Postpartum Depression

How I Overcame Postpartum Depression

bay-mam-lovin-extra-depthHey guys. This post has been on my heart for a while now, and even though it isn’t an easy one to write, I feel like I need to share my experience just in case one of you out there can resonate with my story.

I struggled with postpartum depression, and I overcame it.

If you’ve had a baby, then you know that those first few weeks after giving birth are CAH-RAZY. Hormones and emotions are all over the place, and you find yourself acting in ways that you really can’t control. After I had my firstborn, every evening between 5 – 6pm I sobbed uncontrollably. For no reason other than my body was freaking out because of all the physical and emotional changes it was dealing with. The weight of thinking ahead to how the heck I was going to muster up enough energy to make it through another sleepless night overwhelmed me, and there I sat balling my eyes out. I’ll never forget one night when we decided it’d be best to just get out of the house around that time hoping that a change of scenery would help. We headed over to Noodles to grab a quick bite to eat (since you know, you basically have about a 20 minute window before you need to be back for the next feeding), and as we were eating our Wisconsin Mac & Cheese the water works came and I put on quite a show for the rest of the patrons. Aye yai yai…I’m so glad I can look back now and think that was funny. In the moment, let me assure you, I was a wreck.

Thankfully, after a few weeks I felt much more like myself again, and eventually started making it days at a time without tears. Motherhood became my new normal and I adapted into my new role nicely.

After I had the twins, my postpartum experience was much more intense. I went through the same phase I did with my firstborn, but it didn’t end when I expected it to. Honestly though, I didn’t think too much of it. I figured I was probably just exhausted. Twins was so different than a singleton. When I got more sleep I was sure I’d feel better. Then the girls started sleeping through the night, and I still felt like I was seeing the world in gray. Next I told myself it was probably just the fact that my body was so depleted from producing milk for two. Surely when I stopped pumping I’d feel better. When the girls were seven months old I had completely weaned them off of breast milk and onto formula, in hopes that if I took care of myself I’d be able to take better care of them. While it certainly helped me to become healthier in some ways, I still didn’t feel like myself.

I wasn’t able to enjoy the everyday moments with my kids. I was just going through the motions, without really feeling much of anything. I wanted so badly for my days to be filled with joy, but no matter how hard I tried to change my perspective I just couldn’t flip the switch. I wasn’t able to enjoy the presence of others like I used to either. When people would visit I felt like I didn’t have much to encourage them with, so often I would just choose not to say much at all. I felt emotionless. I could make it through my days and I wouldn’t say I had the most severe case in the world, but it was distractedly inconvenient.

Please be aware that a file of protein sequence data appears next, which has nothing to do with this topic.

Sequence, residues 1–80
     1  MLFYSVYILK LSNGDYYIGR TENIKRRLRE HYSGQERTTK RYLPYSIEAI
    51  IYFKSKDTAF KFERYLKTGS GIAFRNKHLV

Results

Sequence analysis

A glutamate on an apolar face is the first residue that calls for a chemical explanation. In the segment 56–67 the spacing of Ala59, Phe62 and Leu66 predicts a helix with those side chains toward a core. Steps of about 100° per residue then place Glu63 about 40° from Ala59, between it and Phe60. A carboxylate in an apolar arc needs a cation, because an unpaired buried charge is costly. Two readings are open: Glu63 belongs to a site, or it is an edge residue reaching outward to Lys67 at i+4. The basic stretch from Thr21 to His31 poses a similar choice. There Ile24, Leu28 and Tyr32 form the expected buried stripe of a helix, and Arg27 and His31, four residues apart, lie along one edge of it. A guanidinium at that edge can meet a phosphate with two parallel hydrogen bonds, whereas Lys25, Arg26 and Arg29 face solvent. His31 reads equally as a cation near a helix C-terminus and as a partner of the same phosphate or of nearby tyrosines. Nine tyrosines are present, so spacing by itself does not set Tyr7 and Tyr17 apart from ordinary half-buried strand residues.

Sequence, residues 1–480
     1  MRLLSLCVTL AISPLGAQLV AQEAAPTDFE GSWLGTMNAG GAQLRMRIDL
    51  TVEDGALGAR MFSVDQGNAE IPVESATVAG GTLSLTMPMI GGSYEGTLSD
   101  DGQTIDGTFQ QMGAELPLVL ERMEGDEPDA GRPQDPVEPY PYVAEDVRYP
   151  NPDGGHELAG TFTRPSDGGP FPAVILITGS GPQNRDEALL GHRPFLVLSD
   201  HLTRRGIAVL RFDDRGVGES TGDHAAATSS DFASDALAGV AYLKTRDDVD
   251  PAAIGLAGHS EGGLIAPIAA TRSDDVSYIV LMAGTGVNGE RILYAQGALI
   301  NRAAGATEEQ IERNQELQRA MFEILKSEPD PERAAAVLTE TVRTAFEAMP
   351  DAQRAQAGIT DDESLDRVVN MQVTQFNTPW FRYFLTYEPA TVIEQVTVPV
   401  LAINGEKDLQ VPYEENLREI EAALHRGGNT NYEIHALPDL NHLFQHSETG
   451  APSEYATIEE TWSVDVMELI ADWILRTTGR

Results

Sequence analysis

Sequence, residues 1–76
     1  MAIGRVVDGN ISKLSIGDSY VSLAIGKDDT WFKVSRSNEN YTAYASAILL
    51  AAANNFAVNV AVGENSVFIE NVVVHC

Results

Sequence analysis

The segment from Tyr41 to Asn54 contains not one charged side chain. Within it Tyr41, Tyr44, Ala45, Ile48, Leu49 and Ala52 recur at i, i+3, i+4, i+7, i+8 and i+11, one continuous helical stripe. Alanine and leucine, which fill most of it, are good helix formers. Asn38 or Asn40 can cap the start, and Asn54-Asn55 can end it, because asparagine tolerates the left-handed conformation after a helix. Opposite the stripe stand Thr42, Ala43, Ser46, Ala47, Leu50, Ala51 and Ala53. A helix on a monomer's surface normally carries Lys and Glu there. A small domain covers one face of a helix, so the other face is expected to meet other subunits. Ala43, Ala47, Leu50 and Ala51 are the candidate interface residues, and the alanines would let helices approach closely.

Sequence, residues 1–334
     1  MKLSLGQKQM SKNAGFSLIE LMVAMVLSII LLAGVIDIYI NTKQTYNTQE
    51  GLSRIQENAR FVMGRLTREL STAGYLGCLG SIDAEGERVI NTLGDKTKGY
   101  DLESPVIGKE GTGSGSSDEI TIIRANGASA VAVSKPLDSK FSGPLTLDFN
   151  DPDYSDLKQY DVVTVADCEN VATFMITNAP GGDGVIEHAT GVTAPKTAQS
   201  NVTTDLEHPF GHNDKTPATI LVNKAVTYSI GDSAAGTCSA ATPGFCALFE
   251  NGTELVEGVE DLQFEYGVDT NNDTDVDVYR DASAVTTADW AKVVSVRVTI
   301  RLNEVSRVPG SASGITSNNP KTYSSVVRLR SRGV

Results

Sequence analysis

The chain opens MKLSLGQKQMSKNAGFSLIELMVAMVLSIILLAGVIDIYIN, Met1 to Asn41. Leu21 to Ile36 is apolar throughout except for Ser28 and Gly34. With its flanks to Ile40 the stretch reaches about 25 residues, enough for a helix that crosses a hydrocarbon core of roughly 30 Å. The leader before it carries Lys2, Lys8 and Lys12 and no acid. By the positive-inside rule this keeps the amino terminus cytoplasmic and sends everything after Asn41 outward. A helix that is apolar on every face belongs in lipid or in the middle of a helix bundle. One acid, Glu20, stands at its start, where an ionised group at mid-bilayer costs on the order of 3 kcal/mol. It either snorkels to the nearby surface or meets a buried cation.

One day I decided I needed to do something about it. I’m not sure why I waited as long as I did. Probably because I was ashamed and prideful. It also didn’t help that someone who wasn’t invested in my life flippantly accused me of having postpartum depression which made me more upset than I’ve been in my entire life. You just don’t do that. 

I called my doctor’s office. I made an appointment with my OB and told her what was going on. Oh my goodness, naming the reality that had been going on in my mind gave me freedom that led to my first step of relief. She reassured me that so many women deal with this. It was an imbalance of the chemicals in my brain and it was completely normal. Normal? Then why did I feel SO alone in this? We chatted about treatment options, and I walked out the door with a prescription in hand.

Over the course of the next few days, I prayed about next steps. The medicine sat in my cupboard, unopened. It felt like such a big deal to start taking it. In Christian circles, I think taking medicine for mental disorders feels like it can come with a certain stigma attached. In my opinion, it’s really unfortunate, and in a lot of instances I would guess that it probably prevents people from getting the appropriate help they need. I’ve heard comments like, “What sin in your life aren’t you dealing with to make you feel like that?” among others. Let me tell you, until you’ve experienced your own case of anxiety or depression, you have no right to pretend you know what someone else is dealing with. And even then, every case is so unique.